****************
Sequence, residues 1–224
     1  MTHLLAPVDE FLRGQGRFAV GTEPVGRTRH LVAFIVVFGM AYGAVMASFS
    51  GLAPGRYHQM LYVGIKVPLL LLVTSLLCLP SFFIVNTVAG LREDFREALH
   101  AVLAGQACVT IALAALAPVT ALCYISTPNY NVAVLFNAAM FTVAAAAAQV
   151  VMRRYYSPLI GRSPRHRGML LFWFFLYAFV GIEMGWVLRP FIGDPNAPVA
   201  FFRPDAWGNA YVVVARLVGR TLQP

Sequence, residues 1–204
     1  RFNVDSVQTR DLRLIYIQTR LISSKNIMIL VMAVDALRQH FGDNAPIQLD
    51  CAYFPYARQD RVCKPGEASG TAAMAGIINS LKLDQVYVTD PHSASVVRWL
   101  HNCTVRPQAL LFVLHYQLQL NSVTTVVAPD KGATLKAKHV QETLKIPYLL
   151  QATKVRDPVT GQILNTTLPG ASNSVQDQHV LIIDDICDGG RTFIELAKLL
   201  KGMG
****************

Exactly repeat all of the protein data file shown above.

Sequence, residues 1–224
     1  MTHLLAPVDE FLRGQGRFAV GTEPVGRTRH LVAFIVVFGM AYGAVMASFS
    51  GLAPGRYHQM LYVGIKVPLL LLVTSLLCLP SFFIVNTVAG LREDFREALH
   101  AVLAGQACVT IALAALAPVT ALCYISTPNY NVAVLFNAAM FTVAAAAAQV
   151  VMRRYYSPLI GRSPRHRGML LFWFFLYAFV GIEMGWVLRP FIGDPNAPVA
   201  FFRPDAWGNA YVVVARLVGR TLQP

Sequence, residues 1–204
     1  RFNVDSVQTR DLRLIYIQTR LISSKNIMIL VMAVDALRQH FGDNAPIQLD
    51  CAYFPYARQD RVCKPGEASG TAAMAGIINS LKLDQVYVTD PHSASVVRWL
   101  HNCTVRPQAL LFVLHYQLQL NSVTTVVAPD KGATLKAKHV QETLKIPYLL
   151  QATKVRDPVT GQILNTTLPG ASNSVQDQHV LIIDDICDGG RTFIELAKLL
   201  KGMG